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  • Writer's picturejohn kepler

WTF: Barack Obama's letter to an ex-girlfriend about his gay sexual fantasies

Former President Barack Obama wrote in a letter to his ex-girlfriend, saying over 40 years ago that he “make[s] love to men daily, but in the imagination,” according to the New York Post.



Obama, 21 at the time, wrote to ex-girlfriend Alex McNear in November 1982 that his “mind is androgynous,” according to the letter the NYP obtained from Obama biographer and Pulitzer Prize-winning historian David Garrow. Garrow recently discussed his 2017 biography on the former president, “Rising Star: The Making of Barack Obama,” in an a Tablet Magazine interview, where he revealed how he obtained the letter.

“In regard to homosexuality, I must say that I believe this is an attempt to remove oneself from the present, a refusal perhaps to perpetuate the endless farce of earthly life,” Obama wrote to McNear, according to the NYP. “You see, I make love to men daily, but in the imagination.”


“My mind is androgynous to a great extent and I hope to make it more so until I can think in terms of people, not women as opposed to men. But, in returning to the body, I see that I have been made a man, and physically in life, I choose to accept that contingency,” the letter says, per the NYP.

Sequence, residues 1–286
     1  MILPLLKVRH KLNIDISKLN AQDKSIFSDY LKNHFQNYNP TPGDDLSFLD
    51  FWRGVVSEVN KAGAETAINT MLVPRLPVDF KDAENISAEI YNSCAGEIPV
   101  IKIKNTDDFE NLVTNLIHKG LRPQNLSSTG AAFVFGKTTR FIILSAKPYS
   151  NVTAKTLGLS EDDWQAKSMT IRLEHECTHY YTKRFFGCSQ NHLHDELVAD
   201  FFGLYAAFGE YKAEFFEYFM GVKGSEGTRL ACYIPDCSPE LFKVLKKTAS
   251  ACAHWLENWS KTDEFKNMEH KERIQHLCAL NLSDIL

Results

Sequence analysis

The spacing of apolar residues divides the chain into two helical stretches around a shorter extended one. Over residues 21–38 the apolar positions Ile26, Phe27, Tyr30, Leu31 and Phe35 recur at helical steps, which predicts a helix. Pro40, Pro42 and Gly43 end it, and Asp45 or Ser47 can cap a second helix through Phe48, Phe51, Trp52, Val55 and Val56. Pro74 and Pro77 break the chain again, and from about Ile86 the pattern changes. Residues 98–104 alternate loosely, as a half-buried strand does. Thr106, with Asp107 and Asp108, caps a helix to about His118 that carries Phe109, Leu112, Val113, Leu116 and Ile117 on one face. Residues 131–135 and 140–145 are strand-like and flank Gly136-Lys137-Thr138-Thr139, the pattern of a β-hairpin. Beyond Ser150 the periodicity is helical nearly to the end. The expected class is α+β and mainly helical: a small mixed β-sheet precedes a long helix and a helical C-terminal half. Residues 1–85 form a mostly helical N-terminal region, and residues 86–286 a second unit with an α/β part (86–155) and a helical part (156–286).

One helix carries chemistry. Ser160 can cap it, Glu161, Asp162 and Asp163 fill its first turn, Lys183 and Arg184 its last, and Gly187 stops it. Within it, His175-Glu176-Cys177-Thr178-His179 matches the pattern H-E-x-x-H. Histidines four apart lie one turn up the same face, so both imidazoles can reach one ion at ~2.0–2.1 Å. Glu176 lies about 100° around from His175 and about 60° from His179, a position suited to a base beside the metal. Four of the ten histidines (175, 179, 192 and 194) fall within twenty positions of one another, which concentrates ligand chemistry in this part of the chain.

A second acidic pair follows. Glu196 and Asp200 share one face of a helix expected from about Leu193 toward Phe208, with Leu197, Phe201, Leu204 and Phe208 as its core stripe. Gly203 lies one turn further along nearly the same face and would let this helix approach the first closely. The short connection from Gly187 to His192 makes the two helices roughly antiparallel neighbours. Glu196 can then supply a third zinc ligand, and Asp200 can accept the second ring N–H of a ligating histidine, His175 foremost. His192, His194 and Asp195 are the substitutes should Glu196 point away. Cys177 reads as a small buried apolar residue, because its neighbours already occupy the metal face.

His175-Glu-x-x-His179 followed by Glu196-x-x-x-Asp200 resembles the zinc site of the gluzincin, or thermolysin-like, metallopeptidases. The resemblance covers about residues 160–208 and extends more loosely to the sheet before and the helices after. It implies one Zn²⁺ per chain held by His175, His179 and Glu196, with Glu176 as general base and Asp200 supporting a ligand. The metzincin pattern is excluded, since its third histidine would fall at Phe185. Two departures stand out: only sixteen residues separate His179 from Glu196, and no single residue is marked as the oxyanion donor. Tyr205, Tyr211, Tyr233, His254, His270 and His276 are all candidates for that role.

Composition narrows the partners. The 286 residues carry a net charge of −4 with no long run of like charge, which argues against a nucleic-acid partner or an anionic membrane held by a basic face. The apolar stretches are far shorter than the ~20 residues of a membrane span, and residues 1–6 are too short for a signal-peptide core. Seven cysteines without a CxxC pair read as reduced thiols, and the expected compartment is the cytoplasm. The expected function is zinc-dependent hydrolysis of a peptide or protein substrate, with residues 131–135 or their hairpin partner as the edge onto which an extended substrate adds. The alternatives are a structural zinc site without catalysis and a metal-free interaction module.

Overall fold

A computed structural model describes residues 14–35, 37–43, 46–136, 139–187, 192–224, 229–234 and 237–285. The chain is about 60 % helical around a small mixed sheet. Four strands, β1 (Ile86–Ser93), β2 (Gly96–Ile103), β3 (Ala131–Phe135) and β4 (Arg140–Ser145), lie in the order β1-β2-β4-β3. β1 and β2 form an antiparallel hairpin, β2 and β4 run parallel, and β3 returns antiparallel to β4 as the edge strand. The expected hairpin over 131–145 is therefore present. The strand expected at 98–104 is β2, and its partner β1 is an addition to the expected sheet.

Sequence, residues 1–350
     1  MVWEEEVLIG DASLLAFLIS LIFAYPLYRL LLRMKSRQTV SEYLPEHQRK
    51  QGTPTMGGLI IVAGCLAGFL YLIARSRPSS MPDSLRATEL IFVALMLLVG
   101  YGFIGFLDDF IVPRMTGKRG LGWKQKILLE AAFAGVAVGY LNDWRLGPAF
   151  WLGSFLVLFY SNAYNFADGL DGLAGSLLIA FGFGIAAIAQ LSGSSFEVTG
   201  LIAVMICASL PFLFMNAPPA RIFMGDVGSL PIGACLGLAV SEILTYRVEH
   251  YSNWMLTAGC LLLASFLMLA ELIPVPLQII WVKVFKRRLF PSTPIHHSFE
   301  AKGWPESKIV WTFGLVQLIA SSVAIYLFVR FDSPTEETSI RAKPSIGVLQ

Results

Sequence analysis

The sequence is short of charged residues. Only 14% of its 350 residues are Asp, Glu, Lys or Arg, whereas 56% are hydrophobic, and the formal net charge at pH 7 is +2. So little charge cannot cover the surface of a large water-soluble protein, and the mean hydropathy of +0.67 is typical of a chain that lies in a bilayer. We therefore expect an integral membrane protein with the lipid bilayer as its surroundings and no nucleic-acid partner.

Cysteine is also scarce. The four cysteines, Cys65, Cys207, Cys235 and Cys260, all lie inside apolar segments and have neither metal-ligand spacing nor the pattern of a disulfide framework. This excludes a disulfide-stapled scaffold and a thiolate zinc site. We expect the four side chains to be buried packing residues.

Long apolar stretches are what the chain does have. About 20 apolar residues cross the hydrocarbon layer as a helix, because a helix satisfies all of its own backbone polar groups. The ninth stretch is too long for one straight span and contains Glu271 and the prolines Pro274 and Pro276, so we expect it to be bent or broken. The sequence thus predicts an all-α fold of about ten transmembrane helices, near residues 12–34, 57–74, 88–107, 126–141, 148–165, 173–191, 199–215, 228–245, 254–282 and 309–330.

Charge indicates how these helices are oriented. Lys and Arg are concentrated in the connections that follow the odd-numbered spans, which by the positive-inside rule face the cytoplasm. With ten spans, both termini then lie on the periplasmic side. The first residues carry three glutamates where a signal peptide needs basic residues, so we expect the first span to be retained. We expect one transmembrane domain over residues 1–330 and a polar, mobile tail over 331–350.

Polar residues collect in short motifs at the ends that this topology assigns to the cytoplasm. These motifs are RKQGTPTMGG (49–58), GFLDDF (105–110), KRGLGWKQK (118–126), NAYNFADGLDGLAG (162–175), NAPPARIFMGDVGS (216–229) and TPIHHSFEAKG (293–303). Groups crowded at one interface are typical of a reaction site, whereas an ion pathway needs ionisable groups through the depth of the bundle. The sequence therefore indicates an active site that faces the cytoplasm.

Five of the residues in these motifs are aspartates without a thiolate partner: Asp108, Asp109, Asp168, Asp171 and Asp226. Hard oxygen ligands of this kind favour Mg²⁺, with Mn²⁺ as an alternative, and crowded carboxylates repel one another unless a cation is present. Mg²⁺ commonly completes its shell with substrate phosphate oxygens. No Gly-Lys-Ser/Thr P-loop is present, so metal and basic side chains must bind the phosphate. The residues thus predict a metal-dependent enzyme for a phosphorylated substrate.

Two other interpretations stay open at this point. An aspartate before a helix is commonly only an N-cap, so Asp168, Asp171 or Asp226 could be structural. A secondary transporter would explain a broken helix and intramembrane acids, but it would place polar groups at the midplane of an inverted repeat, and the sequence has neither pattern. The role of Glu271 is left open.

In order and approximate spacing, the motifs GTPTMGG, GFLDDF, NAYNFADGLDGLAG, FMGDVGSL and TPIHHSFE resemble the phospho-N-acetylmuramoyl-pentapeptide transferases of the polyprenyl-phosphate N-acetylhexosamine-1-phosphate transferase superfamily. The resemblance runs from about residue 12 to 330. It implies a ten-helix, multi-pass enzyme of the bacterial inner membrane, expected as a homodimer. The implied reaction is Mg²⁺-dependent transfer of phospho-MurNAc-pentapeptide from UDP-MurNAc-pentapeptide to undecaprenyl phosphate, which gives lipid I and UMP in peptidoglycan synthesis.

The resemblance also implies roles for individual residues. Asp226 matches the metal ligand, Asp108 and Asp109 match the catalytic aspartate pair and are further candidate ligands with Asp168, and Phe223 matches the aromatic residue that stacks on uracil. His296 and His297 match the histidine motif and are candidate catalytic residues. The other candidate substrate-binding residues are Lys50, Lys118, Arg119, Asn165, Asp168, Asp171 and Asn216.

McNear initially redacted one paragraph of the letter “about homosexuality” when she gave it to Garrow for use in the book, though she sold the original letter around the time of the biography’s publication, enabling it to end up at Emory University, Garrow told Tablet in the Aug. 2 interview.


Garrow told Tablet he sent his friend Harvey Klehr to the Emory archives to copy the letter, which the university would not allow him to photograph. The NYP reported Klehr provided it with a copy of the letter’s contents.


“I’m a historian, not a psychologist, but I think it’s ‘public record’ news that a (vast?) majority of human beings have sexual fantasies!” Garrow told the NYP.

Emory University’s collection of nine of Obama’s letters span from 1982 to 1984, after he transferred to Columbia University, according to the university website. The letters “reveal the search of a young man for meaning and identity,” Emory University Stuart A. Rose Manuscript, Archives and Rare Book Library Director Rosemary Magee said in a statement when the collection was announced in 2017.

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